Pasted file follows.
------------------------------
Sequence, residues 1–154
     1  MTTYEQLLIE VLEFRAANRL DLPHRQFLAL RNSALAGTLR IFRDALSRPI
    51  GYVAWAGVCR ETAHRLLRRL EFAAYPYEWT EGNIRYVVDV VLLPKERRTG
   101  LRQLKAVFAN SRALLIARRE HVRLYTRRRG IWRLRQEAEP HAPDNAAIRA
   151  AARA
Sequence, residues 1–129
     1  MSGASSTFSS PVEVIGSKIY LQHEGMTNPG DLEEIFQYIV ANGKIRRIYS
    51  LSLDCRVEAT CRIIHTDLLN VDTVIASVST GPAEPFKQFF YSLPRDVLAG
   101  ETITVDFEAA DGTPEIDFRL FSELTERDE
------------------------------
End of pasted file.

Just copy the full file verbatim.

Sequence, residues 1–154
     1  MTTYEQLLIE VLEFRAANRL DLPHRQFLAL RNSALAGTLR IFRDALSRPI
    51  GYVAWAGVCR ETAHRLLRRL EFAAYPYEWT EGNIRYVVDV VLLPKERRTG
   101  LRQLKAVFAN SRALLIARRE HVRLYTRRRG IWRLRQEAEP HAPDNAAIRA
   151  AARA
Sequence, residues 1–129
     1  MSGASSTFSS PVEVIGSKIY LQHEGMTNPG DLEEIFQYIV ANGKIRRIYS
    51  LSLDCRVEAT CRIIHTDLLN VDTVIASVST GPAEPFKQFF YSLPRDVLAG
   101  ETITVDFEAA DGTPEIDFRL FSELTERDE